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BARS + DRINK
o longer content with simply
having our cake and eating it,
now it seems we want to eat
our cake, have a few drinks
afterwards and maintain a healthy lifestyle
while we're at it.
�is desire for healthy hedonism, or
'alco-health' as it's been dubbed, has seen
London bars and restaurants concocting
virtuous menus of 'healthy' cocktails
with an extra serving of nutritious and
medicinal ingredients -
and no hangover.
Known as shims
(named after the small
bits of wood used in
carpentry and wedged
under restaurant table
legs - drinks to keep
you level, as it were)
thanks to Dinah Sanders' low-alcohol
cocktail book �e Art of the Shim, these
mixes replace high-octane spirits with
low-abv alcohol, swap sugar syrups for
superfoods and, in some places, combine
hair of the dog with downward dog.
Even the big brands are at it. Belvedere
Vodka has just launched an All Natural
Manifesto offering 12 low-sugar serving
suggestions packed with low-cal, naturally
flavoured ingredients (recipe on p.115).
"We've seen a paradigm shift towards
healthier lifestyles… so it's little surprise
it's reached our cocktails," says leading
London nutritionist Angelique Panagos.
"We're now demanding products that
fit with our changing lifestyles - and for
many this doesn't stop come Friday night."
So, is it all watered-down Whisky
Sours and tasteless tequilas? Far from it.
Bartenders have been getting creative,
replacing the hard stuff with low-abv
choices such as vermouth and herbal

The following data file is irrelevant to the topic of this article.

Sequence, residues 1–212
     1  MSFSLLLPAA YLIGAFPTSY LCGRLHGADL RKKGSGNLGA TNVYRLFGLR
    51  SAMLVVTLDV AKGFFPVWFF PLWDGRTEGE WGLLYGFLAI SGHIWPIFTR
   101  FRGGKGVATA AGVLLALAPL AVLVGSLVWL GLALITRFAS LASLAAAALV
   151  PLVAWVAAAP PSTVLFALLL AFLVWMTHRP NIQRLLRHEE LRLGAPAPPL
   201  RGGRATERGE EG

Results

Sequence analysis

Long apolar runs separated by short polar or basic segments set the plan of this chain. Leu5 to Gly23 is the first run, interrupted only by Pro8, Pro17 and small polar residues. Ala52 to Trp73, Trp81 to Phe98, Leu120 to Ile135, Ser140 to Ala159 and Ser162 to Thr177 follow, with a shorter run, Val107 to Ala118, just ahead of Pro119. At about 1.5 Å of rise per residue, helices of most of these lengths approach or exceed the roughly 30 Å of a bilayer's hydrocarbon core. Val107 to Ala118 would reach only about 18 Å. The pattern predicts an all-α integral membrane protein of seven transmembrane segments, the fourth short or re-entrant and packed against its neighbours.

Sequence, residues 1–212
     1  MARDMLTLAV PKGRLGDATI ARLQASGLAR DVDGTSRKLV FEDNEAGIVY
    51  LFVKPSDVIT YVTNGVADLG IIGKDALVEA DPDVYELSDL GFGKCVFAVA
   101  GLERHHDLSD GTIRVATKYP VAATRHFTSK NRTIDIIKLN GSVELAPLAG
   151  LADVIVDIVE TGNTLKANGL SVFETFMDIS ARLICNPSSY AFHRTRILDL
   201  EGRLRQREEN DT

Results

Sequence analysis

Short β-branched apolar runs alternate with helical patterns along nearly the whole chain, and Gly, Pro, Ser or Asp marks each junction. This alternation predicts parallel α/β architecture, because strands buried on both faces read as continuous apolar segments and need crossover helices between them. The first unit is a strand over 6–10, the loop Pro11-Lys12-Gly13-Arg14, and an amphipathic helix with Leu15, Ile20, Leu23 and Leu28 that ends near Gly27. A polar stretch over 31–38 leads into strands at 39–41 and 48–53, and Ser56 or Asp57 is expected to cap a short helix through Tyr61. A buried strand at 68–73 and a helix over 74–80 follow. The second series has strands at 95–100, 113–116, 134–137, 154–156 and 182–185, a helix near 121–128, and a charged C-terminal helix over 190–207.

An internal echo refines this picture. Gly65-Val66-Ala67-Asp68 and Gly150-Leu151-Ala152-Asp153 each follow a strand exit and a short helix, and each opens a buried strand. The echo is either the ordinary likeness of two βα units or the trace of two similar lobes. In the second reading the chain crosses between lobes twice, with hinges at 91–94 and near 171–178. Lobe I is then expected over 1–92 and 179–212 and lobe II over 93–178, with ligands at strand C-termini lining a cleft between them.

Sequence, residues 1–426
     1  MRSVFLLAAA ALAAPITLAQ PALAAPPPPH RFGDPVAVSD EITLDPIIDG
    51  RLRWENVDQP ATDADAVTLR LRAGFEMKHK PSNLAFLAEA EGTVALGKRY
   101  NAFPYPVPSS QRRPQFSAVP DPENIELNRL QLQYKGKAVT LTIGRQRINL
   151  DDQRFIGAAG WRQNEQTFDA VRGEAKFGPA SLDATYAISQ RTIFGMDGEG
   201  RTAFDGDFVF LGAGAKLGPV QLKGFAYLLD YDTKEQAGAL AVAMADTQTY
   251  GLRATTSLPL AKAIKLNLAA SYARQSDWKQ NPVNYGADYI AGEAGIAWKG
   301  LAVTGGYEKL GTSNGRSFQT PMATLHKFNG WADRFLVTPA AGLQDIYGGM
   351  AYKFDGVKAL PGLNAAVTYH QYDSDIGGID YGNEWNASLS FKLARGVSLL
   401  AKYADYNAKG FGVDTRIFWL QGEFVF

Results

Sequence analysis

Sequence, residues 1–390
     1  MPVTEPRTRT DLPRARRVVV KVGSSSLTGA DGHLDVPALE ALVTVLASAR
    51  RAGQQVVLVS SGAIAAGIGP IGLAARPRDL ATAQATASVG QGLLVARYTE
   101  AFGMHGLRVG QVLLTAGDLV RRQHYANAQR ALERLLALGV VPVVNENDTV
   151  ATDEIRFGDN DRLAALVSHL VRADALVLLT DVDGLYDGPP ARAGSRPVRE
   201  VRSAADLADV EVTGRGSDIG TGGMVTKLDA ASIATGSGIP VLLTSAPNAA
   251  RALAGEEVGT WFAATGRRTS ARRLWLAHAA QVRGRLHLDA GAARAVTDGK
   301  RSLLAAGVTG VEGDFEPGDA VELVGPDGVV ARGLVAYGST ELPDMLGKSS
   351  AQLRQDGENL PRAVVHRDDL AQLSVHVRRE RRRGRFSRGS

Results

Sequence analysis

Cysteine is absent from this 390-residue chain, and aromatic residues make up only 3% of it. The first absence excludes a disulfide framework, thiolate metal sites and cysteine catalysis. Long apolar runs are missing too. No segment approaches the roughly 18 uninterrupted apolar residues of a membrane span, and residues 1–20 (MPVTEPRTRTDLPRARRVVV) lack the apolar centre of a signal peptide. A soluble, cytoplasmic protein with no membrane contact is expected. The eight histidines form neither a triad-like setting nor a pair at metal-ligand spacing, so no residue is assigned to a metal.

liqueurs, and swapping saccharine mixers
for more natural alternatives.
At Oblix at �e Shard, for example,
bar manager Wendy Stoklasova uses
herbal Becherovka as a base for many of
her cocktails, while at Marcus Wareing's
Tredwell's restaurant on Upper St Martin's
Lane, head barman Dav Eames likes to
"guarantee customers spend their night
focused on enjoyment and not their
waistlines," offering a Sherry Cobbler of
spritz, sherry and vermouth.
"Ultimately, people are not restricting
themselves entirely but making more
conscious choices so they can indulge
those cravings while cutting back on
ingredients that are processed or packed
full of sugar," says Eames. "And we've seen
a huge increase in demand."
At Drake & Morgan King's Cross,
bar manager Jay Newell has taken to fatwashing
alcohol, a clever technique to add
savoury flavour and nutrients to spirits - in
Newell's case, using
coconut oil with a
Daiquiri, which is
chilled down and after
a few hours has the fat
"�e result is
incredible. �e punch
of the rum remains,
the mouth feels velvety and the finish is
beautiful, subtle coconut," he says.
SWEET AS HONEY
It's not just alcohol packing a punch in
the calorie department, of course; there's
the artery-coating syrups and mixers too.
Many London bars are beginning to swap
processed sugar syrups for more natural
sweeteners, such as agave nectar and
manuka honey, and using mixers
such as soda water, cold-pressed veg
juice and coconut water.
We're demanding products that fit with
our changing lifestyles - and for many
this doesn't stop come Friday night
The London bar scene is embracing demure drinking, as
customers turn to vitamin-rich cocktails and low-sugar,
low-cal ingredients to go with their eat-clean lifestyles
WORDS ALICE WHITEHEAD ILLUSTRATION BARBARA SPOETTEL
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